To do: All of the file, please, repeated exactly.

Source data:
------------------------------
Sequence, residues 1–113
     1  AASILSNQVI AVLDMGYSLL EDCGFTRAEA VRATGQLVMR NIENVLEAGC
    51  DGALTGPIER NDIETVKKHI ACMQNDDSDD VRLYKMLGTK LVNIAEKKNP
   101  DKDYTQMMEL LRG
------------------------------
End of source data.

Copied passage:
Sequence, residues 1–113
     1  AASILSNQVI AVLDMGYSLL EDCGFTRAEA VRATGQLVMR NIENVLEAGC
    51  DGALTGPIER NDIETVKKHI ACMQNDDSDD VRLYKMLGTK LVNIAEKKNP
   101  DKDYTQMMEL LRG